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This is not a controversial issue about public sculpture, but a
item that may be of interest. There is a new movie in release
called "Cadillac Ranch" in which three sisters find their way
to the real Cadillac Ranch. Also, PBS recently aired a feature
about Cadilllac Ranch..
For those of you not familiar with Cadillac Ranch, it's a public
sculpture (for lack of a better term) of a number of cadillacs
buried partially in the ground so that the body and tail of each
car is above ground and slanting towards the sky. The cars are
in a row in the middle of a field and can be seen from the
Interstate on the western outskirts of Amarillo, Texas. I think
it would be a great work to compare to Carhenge in Nebraska.
Nancy> Date: Thu, 17 Apr 1997 22:11:34 -0500
> Pam Stephens wrote:
> > For a future issue of the newsletter published by the North
> > Texas Institute for Educators on the Visual Arts, I am
> > researching the topic of public sculpture. Controversy
> > frequently accompanies installation of public sculpture. I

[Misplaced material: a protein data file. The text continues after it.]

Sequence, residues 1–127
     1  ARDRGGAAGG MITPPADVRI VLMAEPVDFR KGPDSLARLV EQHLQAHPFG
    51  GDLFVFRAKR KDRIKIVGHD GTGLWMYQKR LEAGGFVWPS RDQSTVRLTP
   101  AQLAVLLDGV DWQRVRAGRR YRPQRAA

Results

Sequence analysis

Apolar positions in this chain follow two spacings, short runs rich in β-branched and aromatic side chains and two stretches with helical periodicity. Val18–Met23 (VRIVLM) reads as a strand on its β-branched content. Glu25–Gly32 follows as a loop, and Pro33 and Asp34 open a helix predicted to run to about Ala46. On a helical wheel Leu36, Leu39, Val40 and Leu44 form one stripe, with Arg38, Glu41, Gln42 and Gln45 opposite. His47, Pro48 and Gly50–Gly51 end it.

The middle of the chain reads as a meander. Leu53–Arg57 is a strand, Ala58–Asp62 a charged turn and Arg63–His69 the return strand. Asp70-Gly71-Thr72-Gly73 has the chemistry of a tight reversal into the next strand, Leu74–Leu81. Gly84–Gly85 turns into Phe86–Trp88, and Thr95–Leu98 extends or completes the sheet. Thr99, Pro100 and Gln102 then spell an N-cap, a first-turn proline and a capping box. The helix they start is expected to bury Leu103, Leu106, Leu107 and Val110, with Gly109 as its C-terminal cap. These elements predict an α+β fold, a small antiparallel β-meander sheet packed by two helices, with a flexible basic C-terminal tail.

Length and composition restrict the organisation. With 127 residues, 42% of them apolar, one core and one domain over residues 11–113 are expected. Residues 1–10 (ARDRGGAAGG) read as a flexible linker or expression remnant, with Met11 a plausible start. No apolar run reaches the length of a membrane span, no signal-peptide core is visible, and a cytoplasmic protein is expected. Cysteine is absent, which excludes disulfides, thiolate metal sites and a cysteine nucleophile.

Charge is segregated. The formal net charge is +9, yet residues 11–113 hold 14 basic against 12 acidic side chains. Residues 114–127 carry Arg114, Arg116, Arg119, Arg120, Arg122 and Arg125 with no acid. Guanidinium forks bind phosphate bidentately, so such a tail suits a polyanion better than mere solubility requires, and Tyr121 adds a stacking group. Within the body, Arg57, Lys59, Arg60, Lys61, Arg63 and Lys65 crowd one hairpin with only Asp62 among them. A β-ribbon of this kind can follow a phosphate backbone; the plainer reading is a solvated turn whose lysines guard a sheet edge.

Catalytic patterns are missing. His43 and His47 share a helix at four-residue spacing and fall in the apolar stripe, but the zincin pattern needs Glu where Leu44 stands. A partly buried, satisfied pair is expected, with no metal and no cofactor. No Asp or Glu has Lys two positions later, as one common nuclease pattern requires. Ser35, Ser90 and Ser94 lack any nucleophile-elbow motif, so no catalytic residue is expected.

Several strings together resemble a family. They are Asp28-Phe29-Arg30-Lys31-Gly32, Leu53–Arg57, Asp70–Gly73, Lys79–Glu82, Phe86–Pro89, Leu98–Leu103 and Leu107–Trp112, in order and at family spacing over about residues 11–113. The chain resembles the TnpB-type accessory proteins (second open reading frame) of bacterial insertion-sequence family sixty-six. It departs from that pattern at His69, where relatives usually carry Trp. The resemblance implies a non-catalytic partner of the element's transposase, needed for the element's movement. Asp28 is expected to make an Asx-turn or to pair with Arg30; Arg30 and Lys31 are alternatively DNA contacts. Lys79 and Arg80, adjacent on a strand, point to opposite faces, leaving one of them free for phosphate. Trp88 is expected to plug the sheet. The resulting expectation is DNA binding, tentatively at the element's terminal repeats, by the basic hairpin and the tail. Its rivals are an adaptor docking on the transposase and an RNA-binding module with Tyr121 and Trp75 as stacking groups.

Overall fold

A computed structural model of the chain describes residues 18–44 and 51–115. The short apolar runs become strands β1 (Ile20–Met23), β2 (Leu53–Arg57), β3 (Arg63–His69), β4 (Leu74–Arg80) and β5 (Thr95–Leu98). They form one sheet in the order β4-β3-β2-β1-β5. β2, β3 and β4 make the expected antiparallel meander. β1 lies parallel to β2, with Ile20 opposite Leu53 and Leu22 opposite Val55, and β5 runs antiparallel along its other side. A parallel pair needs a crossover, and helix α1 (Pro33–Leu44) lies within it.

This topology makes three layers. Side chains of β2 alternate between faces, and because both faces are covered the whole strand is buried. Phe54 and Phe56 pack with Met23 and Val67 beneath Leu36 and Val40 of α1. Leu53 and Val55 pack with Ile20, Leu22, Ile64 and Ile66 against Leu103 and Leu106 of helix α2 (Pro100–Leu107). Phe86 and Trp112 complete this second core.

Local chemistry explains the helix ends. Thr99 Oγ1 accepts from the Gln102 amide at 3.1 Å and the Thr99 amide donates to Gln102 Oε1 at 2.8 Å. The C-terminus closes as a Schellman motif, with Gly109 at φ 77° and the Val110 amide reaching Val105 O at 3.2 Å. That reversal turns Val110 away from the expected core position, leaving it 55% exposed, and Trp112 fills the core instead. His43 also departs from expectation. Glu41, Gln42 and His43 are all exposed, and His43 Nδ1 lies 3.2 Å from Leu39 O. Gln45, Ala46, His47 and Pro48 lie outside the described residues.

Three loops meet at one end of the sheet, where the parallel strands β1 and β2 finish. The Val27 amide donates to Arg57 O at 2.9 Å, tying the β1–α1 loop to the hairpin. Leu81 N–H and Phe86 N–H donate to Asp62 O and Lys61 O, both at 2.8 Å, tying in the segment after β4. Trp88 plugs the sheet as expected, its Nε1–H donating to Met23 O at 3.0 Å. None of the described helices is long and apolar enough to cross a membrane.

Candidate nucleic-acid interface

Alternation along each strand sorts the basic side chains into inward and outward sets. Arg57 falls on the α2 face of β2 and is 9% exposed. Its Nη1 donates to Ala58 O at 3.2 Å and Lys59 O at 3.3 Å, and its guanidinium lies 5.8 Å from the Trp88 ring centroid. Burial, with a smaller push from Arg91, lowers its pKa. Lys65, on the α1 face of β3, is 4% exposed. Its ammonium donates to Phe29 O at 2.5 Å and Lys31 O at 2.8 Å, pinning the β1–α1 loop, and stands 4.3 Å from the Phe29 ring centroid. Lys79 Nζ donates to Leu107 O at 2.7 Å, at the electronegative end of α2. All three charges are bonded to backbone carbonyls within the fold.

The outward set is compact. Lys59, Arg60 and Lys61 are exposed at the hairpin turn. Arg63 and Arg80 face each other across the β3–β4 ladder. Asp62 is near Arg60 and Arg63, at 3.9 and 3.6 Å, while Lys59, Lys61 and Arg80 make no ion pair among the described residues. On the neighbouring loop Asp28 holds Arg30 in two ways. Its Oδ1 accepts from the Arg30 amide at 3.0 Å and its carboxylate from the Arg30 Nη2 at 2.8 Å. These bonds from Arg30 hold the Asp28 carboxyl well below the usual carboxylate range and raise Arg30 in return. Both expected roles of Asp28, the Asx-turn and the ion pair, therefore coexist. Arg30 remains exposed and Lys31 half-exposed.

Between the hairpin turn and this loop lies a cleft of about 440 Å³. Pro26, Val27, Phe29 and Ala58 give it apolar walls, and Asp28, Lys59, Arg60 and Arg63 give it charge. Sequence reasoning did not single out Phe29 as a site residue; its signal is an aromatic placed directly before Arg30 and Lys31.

> > would like to include within the article reference to issues
> > that have stemmed from sculpture being placed in public areas.
> > This is a request for your input. If you know of a controversy
> > arising from the installation of public sculpture in your area, please
> > share. I am looking for all sorts of issues whether they relate
> > to the actual object, funding of the artwork, the site of the
> > artwork, or anything surrounding the installation.
> > Please be as specific as possible in your response (title of
> > work, artist, location, or any reference documentation will be
> > helpful).
> > If your "controversy" is used in the newsletter article, you will be listed
> > as a contributor.
> > Thanks for your help!
> > Pam Stephens
> > -------
> > Pamela Geiger Stephens
> > Project Coordinator
> > North Texas Institute for Educators on the Visual Arts
> > P.O. Box 5098
> > University of North Texas 76203-0098
> > 817-565-4552
> > 817-565-4867 fax
> > stephens
> This is probably of no help to you....
> Upon reading your article, I recall a few years ago, when "shuttlecocks"
> were installed in the yard at the Nelson Atkins Museum of Art. (I am
> from Kansas City, MO). I know that if you were to research this museum,
> there were articles in the Kansas City Star about how the public
> responded to this. Many people thought they were ugly and made no
> sense. They thought "How is a badminton birdie a sculpture?" Yet they
> are still there.
> I also recall the sculptures put on top of Bartle Hall, in downtown K.C.
> Perhapse the Newspaper again would be a starting place for your
Nancy Walkup, Project Coordinator
North Texas Institute for Educators on the Visual Arts
PO Box 5098, University of North Texas
Denton, TX 76203
817/565-3986 FAX 817/565-4867